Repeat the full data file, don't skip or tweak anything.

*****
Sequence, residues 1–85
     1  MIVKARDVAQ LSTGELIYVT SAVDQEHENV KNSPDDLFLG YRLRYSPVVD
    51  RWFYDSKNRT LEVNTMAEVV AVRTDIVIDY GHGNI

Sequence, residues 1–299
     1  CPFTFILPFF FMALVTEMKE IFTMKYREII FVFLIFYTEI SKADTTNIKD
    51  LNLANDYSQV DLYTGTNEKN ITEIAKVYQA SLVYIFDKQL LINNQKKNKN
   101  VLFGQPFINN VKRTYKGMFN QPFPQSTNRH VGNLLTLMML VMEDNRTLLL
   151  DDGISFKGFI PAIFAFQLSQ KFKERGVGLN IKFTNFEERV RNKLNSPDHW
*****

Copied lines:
Sequence, residues 1–85
     1  MIVKARDVAQ LSTGELIYVT SAVDQEHENV KNSPDDLFLG YRLRYSPVVD
    51  RWFYDSKNRT LEVNTMAEVV AVRTDIVIDY GHGNI

Sequence, residues 1–299
     1  CPFTFILPFF FMALVTEMKE IFTMKYREII FVFLIFYTEI SKADTTNIKD
    51  LNLANDYSQV DLYTGTNEKN ITEIAKVYQA SLVYIFDKQL LINNQKKNKN
   101  VLFGQPFINN VKRTYKGMFN QPFPQSTNRH VGNLLTLMML VMEDNRTLLL
   151  DDGISFKGFI PAIFAFQLSQ KFKERGVGLN IKFTNFEERV RNKLNSPDHW